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Profit from Wall Street Sell-Off with These Inverse ETFs

Sanghamitra Saha

Wall Street suffered its worst day in two months on September 9, following the Fed Bank of Boston President Eric Rosengren’s comments that a 'gradual tightening' is possible. Rosengren expressed confidence in labor market strength and expects U.S. GDP growth to score above 2% over the coming two quarters. He is normally known for dovish comments and this sudden change to hawkishness bulldozed stocks on Friday. This heightened volatility and drove iPath S&P 500 VIX ST Futures ETN VXX 16.1% higher (read: ETF Winners & Losers Post Jackson Hole Meet).

In any case, the investing world was abuzz with Fed hike speculation at August end with the U.S economy gaining steam. But the lackluster job, manufacturing and service sector data for the month of August turned the talks off for a short while (read: August Job Data Muddles Fed Rate Hike Chance: ETFs to Buy).

Many market watchers almost ruled out the possibility of a rate hike at the FOMC meeting that is barely a week away and pushed the timeline to December. However, the latest comment from Rosengren triggered rate hike talks all over again. Fearing a sooner-than-expected rate hike and the gradual ceases in cheap dollar inflows, key U.S. equity indices – which were already guilty of overvaluation concerns – slumped.

The S&P 500 lost about 2.5%, Dow Jones Industrial Average shed over 2.1% and the Nasdaq composite plunged over 2.5% on September 9. The ripple effect of the Wall Street sell-off spread to the global market, with Asia ETF iShares Asia 50 AIA losing about 2.6%, iShares MSCI Emerging Markets ETF EEM slumping about 3.4%, Vanguard FTSE Europe ETF VGK falling 2.1%, iShares MSCI Japan ETF EWJ shedding about 1.7% and all-world ETF iShares MSCI ACWI ACWI retreating over 2.3% on September 9.

Other Reasons Driving Markets Lower

The U.S. bond market gives a clearer indication, with the U.S. 10-year Treasury yield rising 13 bps in just two days to 1.67% on September 9, while yield on the six-month U.S. Treasury yield growing 2 bps to 0.51% during the same timeframe. This steepening of the yield curve indicates that investors still have faith in economic growth despite the dreary job, manufacturing and service sector data for the month of August.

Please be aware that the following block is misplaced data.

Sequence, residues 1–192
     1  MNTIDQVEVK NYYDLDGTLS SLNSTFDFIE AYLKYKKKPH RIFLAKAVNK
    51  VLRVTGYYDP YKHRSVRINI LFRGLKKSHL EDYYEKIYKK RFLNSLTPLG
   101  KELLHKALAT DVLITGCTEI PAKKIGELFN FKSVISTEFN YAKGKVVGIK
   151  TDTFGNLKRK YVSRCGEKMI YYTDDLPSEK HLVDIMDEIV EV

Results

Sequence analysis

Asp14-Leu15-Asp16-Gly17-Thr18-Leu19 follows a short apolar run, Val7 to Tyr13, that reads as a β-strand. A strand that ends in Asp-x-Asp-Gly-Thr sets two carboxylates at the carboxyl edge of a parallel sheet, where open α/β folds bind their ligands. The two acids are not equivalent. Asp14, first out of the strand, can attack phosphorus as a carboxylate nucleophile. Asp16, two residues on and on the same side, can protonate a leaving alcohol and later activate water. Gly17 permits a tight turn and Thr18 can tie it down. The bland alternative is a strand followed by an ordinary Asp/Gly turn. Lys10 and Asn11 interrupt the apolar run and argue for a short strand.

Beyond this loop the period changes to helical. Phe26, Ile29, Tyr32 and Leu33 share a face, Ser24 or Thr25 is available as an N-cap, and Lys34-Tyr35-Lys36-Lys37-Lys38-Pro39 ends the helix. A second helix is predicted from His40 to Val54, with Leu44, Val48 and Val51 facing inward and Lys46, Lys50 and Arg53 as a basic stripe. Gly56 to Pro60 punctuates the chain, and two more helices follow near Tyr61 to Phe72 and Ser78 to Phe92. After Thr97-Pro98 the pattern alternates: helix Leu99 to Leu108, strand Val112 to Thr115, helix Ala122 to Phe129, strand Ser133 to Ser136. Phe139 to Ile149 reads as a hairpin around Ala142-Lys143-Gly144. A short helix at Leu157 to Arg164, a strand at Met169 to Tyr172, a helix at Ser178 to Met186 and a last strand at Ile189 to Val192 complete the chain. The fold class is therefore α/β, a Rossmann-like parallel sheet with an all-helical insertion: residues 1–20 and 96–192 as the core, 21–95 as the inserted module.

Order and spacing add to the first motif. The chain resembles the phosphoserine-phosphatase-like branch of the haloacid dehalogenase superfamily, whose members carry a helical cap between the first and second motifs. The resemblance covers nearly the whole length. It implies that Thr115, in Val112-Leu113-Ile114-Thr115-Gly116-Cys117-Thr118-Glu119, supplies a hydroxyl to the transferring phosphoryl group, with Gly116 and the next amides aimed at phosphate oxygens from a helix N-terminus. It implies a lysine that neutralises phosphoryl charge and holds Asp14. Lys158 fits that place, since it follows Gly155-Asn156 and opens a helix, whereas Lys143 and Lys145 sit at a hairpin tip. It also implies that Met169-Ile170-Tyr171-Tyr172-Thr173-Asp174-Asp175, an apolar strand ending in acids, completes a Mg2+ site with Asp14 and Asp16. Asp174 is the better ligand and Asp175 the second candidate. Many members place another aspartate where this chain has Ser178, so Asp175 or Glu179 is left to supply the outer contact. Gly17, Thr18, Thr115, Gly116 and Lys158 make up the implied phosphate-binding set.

Apart from the Fed official’s comments, a sharp decline in oil prices following increased drilling by U.S. producers flared up supply glut fears in the oil patch. Oil ETFs, United States Oil USO and United States Brent Oil BNO plummeted about 3.3% and 3.5% on September 9, respectively, giving another reason to the global market to slide (read: Should You Buy Oil ETFs Ahead of the OPEC Meet?).

Investors also turned anxious over risky assets after a nuclear test by North Korea, which may lead to geo-political risks. Talks that the Bank of Japan is mulling over means to steepen the yield curve of the Japanese bonds, along with the hearsay that the central banks do have not more ways to offer further stimuli also hit global securities, as per Reuters.

More Downside Risks Ahead?

Analysts expect further sell-offs as rate hike speculation may be rife through the week and the S&P 500 fell “through key support levels.” A few Fed speakers are about to comment on September 12, and along with many analysts, we too believe that a slight sign of hawkishness from them would stretch the market crash (read: Believe in George Soros? Short S&P 500 with These ETFs).

As per analysts like David Rosenberg, a steep pullback is impending as presently an overvalued broader market is not ready to digest a Fed hike. In fact, the presidential election in November and a lukewarm U.S. economy can also be an overhang, even if the Fed does not announce a hike in September. Marko Kolanovic, JPMorgan's Global Head of Derivatives and Quantitative Research, also cautioned about imminent volatility in the market.

Short U.S. Stocks?

Given this, U.S. stocks may undergo a strong selling pressure and investors could easily tap this opportune moment by going short on various U.S. equity indices. There are a number of inverse or leveraged inverse products in the market that offer inverse (opposite) exposure to such indices. Below we highlight those and some of the key differences between each:

ProShares Short S&P500 ETF (SH) – Up Over 2.4% on September 9

This fund provides unleveraged inverse exposure to the daily performance of the S&P 500 index.

ProShares UltraShort S&P500 ETF (SDS )  – Up 4.8% on September 9

This fund seeks two times (2x) leveraged inverse exposure to the S&P 500 index.

ProShares UltraPro Short S&P500 (SPXU) – Up Over 7.1% on September 9

Investors having a more bearish view and higher risk appetite could find SPXU interesting as the fund provides three times (3x) inverse exposure to the S&P 500 index.

ProShares Short QQQ (PSQ) – Up Over 2.5% on September 9

It offers inverse unleveraged exposure to the daily performance of the NASDAQ-100 Index.

ProShares Short Dow30 (DOG) – Up 2.1 % on September 9

It offers inverse unleveraged exposure to the Dow Jones Industrial Average Index.

Bottom Line

As a caveat, investors should note that such products are suitable only for short-term traders as these are rebalanced on a daily basis. Still, for ETF investors who are bearish on the equity market for now, a near-term short could be intriguing for those with high-risk tolerance (see: all the Inverse Equity ETFs here).

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